As India tries to power its emerging economy, it will look beyond coal to offshore wind energy. And, it will be getting some help from the European Union, which will be coming up with a roadmap and help with financing.
The plan, which falls under the umbrella of the Global Wind Energy Council, focuses on the states of Gujarat in the northwest and Tamil Nadu in the southeast. It will be a four-year process, although the results will include projections up to 2032. The wind council says that the specific objectives are to lay the groundwork for offshore development through resource mapping, policy guidance, and capacity building measures. The stakeholders will also evaluate the infrastructure needs and make suggestions as to how to move the energy from offshore to the urban areas where it's needed.
The India-EU effort is called the Offshore Wind Power Development project, which is supported by a € 4 million contribution from the European Union’s Indo-European Cooperation on Renewable Energy program. India’s Ministry of New and Renewable Energy will be overseeing the work. Like Europe, India, would like to become less dependent of fossil fuels and to use more renewable energy, says the European Union’s Ambassador Joao Cravinho.
Onshore wind energy is firmly planted in global markets. But offshore wind projects are mainly the domain of Europe, which is the host of roughly 6000 megawatts of capacity that have been installed in the North Sea, Baltic Sea, and Irish Sea. China, though, has made inroads in the offshore wind area, with Japan, Korea and Taiwan in the early stages of development. India has become the latest such nation to make forays.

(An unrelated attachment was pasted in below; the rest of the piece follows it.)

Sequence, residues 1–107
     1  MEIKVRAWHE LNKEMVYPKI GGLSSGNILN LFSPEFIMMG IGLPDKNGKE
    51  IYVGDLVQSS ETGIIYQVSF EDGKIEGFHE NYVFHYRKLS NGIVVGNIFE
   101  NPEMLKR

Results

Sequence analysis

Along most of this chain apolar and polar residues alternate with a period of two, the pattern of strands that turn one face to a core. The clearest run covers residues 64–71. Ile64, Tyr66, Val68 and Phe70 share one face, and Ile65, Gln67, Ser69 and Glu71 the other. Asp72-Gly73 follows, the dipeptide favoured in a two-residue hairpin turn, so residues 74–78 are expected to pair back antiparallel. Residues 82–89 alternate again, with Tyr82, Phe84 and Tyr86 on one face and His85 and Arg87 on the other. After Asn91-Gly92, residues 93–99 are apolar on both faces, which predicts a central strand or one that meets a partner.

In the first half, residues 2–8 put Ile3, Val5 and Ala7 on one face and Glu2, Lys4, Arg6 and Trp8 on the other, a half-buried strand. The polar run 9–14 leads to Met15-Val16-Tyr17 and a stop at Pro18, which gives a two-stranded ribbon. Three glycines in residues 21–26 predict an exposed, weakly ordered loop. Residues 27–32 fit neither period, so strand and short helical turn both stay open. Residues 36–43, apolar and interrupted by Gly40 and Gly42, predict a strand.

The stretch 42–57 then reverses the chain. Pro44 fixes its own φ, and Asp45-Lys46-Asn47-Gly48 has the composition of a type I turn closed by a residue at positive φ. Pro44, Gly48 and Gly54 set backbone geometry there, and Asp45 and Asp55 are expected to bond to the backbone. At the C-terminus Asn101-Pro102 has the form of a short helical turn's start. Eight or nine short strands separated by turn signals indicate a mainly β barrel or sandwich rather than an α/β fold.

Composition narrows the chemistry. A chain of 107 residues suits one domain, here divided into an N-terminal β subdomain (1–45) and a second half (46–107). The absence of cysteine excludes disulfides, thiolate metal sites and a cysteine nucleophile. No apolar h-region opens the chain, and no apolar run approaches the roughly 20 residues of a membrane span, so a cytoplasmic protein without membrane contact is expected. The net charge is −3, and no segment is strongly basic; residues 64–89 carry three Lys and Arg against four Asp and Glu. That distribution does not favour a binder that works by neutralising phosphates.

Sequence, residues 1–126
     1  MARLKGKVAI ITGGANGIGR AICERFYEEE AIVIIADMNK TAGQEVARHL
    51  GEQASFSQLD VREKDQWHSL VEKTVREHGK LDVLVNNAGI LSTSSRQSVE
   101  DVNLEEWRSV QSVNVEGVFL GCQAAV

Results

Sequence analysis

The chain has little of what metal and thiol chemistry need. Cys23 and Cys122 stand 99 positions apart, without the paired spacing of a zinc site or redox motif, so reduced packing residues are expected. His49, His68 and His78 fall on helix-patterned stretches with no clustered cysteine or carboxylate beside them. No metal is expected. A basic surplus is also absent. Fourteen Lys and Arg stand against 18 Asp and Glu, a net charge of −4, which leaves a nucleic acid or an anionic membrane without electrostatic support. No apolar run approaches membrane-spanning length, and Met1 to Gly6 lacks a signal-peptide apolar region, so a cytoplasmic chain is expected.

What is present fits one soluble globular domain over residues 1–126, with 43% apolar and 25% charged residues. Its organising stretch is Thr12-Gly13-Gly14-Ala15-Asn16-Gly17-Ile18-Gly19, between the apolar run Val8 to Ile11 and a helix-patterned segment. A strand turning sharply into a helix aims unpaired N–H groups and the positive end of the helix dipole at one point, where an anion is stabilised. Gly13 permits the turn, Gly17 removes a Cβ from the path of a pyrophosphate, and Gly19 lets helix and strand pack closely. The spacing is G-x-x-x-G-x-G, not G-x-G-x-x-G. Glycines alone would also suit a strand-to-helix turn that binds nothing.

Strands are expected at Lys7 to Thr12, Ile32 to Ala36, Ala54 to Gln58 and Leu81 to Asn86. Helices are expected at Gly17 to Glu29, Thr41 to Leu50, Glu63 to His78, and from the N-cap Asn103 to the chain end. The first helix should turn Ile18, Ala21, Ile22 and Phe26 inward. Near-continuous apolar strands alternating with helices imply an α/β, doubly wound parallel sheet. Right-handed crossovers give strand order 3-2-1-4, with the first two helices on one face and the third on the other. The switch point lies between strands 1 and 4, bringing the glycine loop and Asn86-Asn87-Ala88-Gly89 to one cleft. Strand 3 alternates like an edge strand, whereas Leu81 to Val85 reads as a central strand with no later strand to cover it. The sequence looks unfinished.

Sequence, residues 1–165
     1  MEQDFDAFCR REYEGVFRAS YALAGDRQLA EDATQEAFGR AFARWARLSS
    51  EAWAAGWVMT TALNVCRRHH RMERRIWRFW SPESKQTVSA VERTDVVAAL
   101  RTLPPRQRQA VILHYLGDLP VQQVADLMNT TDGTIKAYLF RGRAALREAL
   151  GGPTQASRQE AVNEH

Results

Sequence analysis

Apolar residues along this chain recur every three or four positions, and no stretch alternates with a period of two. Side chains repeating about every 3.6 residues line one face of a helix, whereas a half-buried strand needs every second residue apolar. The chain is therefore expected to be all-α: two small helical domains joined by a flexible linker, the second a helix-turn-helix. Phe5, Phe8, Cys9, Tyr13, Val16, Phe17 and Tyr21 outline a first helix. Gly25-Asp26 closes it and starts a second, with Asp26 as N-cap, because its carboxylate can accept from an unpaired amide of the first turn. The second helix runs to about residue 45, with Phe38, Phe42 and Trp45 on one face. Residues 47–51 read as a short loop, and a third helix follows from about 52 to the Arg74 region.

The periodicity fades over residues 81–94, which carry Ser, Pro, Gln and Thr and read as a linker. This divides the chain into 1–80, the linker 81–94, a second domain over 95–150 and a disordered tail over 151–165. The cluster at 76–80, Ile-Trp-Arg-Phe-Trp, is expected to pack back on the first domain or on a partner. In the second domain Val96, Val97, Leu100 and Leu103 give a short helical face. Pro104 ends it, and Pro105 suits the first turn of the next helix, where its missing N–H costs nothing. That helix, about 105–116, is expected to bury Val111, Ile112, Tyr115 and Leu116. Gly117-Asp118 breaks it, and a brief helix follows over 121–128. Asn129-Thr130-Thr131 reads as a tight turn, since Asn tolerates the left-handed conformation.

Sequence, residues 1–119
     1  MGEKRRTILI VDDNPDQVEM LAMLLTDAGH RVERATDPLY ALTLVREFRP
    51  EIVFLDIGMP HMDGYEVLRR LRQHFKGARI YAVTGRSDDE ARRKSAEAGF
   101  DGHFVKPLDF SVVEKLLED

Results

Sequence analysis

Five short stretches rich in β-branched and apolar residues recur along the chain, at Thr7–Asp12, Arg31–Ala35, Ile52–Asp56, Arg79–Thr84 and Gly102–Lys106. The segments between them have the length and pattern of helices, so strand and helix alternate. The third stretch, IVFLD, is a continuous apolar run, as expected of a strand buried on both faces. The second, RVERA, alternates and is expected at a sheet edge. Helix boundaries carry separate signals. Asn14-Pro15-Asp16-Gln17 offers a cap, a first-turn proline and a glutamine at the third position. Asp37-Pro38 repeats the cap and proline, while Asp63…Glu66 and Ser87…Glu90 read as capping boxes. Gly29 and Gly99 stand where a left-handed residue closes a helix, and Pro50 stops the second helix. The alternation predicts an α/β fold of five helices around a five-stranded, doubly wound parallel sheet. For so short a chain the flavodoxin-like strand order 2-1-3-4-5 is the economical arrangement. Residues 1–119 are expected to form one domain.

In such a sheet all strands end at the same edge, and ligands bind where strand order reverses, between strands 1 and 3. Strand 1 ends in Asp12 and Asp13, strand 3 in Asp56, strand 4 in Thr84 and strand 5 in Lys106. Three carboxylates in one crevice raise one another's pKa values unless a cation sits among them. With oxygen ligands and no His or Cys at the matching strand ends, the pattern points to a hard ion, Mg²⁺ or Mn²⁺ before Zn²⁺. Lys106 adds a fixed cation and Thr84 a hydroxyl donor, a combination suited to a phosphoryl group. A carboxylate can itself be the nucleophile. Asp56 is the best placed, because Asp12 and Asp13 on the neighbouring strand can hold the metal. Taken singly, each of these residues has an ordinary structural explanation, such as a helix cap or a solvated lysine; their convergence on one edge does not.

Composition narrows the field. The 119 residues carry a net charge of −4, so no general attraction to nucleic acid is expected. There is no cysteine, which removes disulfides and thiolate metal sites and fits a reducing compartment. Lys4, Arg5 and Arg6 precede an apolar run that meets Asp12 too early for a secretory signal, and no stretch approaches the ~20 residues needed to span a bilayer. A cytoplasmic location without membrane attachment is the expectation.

The main obstacle is the high associated costs. In some cases, the price of offshore wind power is two-three times as high as onshore wind power, says Navigant Consulting. Industry, though, is working on deploying larger wind turbines to achieve better value.
The European Union has been a role model: Its offshore wind deals account for 10 percent of its annual wind energy installations, says the European Wind Energy Association. The goal, it adds, is to increase those levels from 6000 megawatts today to 40 000 by 2020 and 150 000 megawatts by 2030, or 14 percent of the EU’s electricity demand — considered by some experts to be impractical given the today’s cost.